As they walked up a path toward West End Avenue, I mustered the courage to move a few feet closer, within auditory range.
No major figure from either party has mustered such seemingly obvious denouncement.
Al-Sharif urged Aisha to get herself a car, and she mustered up the courage to have someone buy her one with darkly smoked glass.
Arguments can be mustered from the evidence to support all kinds of theories about his identity and true nature.
Although they mustered 250 volunteers in 84 counties, thousands of bodies in all 99 counties are needed for success in 2016.
For after that king Edward the fourth was escaped out of prison, at Wolneie besides Warwike, he mustered and prepared a new armie.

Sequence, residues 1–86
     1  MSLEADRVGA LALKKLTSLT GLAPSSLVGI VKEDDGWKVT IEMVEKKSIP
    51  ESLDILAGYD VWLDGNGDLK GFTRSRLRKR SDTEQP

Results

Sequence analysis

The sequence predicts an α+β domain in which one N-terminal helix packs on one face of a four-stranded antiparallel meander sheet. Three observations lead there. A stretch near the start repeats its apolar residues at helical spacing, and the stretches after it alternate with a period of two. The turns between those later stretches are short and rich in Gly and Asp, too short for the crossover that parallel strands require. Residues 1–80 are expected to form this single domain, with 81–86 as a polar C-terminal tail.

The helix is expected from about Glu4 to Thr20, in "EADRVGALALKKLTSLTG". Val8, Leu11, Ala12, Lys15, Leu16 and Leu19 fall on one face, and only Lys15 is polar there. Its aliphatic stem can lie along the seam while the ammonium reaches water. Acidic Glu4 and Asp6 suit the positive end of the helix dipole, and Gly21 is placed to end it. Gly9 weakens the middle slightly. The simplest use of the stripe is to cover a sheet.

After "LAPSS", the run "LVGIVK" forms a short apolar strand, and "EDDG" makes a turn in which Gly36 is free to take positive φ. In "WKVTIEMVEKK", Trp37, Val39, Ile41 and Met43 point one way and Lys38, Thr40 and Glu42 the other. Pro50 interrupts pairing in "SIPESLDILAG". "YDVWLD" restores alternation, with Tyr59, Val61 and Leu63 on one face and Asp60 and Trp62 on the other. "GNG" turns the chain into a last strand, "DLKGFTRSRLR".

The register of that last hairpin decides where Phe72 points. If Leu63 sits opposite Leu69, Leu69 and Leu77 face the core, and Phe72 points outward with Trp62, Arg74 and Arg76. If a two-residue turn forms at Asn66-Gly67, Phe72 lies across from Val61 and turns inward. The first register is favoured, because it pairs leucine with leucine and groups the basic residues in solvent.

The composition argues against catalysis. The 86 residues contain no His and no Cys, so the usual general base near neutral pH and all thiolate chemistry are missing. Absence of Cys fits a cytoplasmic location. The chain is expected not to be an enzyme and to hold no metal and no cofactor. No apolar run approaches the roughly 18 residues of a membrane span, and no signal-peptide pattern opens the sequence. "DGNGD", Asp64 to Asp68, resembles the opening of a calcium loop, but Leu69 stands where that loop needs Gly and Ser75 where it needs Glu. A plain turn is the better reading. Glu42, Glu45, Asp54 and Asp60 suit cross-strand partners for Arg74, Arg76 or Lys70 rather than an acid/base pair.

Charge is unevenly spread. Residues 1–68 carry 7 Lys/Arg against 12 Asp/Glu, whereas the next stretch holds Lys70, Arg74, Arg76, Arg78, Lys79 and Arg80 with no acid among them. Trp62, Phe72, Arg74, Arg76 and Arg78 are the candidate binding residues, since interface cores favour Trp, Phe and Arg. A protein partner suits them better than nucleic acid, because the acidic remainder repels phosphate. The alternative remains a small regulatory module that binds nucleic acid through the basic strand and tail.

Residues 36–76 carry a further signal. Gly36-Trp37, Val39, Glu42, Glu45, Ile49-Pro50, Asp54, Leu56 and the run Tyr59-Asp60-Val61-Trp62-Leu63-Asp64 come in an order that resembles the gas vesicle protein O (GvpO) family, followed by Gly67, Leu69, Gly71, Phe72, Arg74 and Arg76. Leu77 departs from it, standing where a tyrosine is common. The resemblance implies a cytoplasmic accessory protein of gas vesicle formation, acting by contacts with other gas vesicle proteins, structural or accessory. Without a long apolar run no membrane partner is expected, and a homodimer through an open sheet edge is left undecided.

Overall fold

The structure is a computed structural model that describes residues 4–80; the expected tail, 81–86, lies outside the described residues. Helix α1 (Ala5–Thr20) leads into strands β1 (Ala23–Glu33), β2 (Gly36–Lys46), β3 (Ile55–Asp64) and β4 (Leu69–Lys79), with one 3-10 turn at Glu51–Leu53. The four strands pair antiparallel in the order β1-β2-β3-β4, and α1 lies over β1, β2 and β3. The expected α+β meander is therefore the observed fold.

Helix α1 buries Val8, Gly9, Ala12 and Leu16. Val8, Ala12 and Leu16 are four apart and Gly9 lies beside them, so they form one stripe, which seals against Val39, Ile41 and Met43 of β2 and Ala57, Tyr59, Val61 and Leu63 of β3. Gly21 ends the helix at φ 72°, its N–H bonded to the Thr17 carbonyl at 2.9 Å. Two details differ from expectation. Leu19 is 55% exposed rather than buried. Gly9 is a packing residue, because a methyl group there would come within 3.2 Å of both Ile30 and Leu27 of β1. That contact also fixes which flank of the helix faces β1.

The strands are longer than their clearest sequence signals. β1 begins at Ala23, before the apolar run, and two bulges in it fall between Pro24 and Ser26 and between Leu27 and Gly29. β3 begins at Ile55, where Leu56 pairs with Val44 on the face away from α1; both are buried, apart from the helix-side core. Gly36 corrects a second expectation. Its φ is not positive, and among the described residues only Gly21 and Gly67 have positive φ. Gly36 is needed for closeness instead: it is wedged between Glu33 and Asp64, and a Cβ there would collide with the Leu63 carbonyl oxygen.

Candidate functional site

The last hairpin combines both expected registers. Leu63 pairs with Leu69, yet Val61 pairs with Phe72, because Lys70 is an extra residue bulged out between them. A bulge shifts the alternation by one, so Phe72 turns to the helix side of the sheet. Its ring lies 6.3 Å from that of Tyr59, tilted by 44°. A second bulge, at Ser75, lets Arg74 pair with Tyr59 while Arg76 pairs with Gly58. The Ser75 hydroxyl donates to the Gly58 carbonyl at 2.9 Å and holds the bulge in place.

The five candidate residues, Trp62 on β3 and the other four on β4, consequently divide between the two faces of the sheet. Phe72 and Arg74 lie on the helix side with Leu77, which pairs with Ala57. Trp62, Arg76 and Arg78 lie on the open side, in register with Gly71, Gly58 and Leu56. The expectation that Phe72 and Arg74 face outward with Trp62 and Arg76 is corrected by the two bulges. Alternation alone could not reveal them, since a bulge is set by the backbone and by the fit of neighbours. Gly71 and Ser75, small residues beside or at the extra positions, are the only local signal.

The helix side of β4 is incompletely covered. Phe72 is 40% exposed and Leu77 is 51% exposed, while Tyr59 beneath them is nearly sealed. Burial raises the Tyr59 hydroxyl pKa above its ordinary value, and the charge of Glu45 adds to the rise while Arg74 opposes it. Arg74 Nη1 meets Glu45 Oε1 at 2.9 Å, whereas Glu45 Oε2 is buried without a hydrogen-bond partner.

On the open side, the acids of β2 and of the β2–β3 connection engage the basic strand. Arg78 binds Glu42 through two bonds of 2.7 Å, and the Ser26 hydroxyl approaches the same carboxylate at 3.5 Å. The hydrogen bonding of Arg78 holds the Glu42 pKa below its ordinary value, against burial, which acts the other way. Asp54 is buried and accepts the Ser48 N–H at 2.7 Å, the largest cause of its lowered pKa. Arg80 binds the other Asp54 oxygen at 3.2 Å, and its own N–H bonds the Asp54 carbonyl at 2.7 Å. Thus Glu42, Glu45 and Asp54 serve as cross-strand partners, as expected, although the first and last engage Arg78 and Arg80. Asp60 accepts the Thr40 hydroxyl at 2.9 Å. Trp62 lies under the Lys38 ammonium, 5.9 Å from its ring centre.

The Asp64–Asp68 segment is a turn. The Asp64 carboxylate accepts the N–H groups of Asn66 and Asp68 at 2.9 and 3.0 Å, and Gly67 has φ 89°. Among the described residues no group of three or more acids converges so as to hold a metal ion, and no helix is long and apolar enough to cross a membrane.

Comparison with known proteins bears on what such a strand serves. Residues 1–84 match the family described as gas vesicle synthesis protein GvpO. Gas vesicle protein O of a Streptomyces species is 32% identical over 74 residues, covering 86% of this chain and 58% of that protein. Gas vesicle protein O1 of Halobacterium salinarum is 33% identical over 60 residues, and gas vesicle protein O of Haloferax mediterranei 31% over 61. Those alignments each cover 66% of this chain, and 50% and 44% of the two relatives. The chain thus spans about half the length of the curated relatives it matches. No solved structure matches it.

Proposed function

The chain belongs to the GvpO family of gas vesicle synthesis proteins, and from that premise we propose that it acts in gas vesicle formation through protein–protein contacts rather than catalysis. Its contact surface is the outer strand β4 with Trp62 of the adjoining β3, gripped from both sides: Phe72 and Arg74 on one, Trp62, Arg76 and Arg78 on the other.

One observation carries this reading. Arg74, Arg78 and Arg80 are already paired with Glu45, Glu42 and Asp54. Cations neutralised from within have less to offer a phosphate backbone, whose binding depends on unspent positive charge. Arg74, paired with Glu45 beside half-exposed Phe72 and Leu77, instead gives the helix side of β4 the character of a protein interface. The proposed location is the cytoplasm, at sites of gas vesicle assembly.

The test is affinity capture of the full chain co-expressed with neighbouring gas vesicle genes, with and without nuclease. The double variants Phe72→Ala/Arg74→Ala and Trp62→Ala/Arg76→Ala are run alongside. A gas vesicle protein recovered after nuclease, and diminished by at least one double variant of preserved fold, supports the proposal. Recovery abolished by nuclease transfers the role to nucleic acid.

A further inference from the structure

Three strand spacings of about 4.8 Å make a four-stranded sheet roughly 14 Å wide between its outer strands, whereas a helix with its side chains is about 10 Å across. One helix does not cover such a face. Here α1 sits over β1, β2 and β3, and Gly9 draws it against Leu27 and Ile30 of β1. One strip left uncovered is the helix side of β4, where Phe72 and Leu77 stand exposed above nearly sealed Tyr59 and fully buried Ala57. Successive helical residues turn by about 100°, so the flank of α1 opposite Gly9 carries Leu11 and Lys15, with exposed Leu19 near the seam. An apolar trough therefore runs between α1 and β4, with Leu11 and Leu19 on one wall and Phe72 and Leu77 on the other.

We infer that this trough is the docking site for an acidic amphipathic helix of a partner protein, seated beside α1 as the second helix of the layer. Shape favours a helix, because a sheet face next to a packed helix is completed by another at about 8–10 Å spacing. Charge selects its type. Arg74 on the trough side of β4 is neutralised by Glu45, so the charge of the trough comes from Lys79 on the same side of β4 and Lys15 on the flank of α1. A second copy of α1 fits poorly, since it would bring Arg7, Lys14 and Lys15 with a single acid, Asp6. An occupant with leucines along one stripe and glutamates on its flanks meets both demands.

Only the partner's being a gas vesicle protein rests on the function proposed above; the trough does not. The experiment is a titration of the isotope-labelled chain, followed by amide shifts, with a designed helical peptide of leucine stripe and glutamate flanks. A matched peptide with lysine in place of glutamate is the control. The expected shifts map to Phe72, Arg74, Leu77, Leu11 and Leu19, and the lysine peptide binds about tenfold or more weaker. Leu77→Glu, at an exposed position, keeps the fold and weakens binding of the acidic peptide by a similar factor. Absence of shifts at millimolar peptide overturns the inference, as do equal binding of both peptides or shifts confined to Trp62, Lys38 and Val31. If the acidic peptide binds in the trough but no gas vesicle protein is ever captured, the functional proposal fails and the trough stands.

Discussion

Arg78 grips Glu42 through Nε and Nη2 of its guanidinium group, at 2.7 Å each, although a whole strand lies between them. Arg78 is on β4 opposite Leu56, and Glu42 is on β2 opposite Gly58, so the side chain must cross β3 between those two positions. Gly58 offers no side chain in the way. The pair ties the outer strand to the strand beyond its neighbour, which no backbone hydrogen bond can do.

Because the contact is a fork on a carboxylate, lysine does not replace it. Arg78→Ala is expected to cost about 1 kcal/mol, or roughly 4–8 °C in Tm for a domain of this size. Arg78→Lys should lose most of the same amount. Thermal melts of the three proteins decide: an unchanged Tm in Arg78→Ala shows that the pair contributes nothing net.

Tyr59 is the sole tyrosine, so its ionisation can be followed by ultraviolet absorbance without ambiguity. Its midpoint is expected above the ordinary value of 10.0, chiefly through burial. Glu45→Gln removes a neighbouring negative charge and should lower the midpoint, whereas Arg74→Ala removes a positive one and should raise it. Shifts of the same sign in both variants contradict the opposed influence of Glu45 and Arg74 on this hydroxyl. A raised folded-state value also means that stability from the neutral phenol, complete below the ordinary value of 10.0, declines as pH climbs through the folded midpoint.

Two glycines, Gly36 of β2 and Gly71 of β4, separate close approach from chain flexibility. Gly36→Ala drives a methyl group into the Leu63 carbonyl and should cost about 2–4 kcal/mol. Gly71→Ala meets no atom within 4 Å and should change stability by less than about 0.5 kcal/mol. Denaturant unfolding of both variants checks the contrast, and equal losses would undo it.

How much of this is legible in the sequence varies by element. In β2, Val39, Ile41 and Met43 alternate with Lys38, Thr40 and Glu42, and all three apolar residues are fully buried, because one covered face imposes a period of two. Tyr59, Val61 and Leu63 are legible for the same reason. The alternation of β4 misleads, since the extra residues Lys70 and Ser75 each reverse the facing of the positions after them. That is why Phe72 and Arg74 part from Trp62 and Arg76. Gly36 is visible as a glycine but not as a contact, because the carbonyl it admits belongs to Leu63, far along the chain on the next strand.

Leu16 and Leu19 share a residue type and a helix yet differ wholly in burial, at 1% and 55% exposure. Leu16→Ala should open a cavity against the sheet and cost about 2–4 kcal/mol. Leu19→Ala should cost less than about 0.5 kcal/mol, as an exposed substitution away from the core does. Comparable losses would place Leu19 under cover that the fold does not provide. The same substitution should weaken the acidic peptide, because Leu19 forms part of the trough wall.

“They should all be mustered long before this,” replied his companion.
A week ago to-day I went to the city to be mustered into the Corps de Afrique.
The sentry had spoken truly, they agreed, when they mustered together.
That he mustered on that day every man he could produce is probably a fact.
c.1300, "to display, reveal, appear," from Old French mostrer "appear, show, reveal," also in a military sense (10c., Modern French montrer), from Latin monstrare "to show," from monstrum "omen, sign" (see monster). Meaning "to collect, assemble" is early 15c.; figurative use (of qualities, etc.) is from 1580s. To muster out "gather to be discharged from military service" is 1834, American English. To muster up in the figurative and transferred sense of "gather, summon, marshal" is from 1620s. Related: Mustered; mustering.
late 14c., "action of showing, manifestation," from Old French mostre "illustration, proof; examination, inspection" (13c., Modern French montre), literally "that which is shown," from mostrer (see muster (v.)). Meaning "act of gathering troops" is from c.1400. To pass musters (1570s) originally meant "to undergo military review without censure."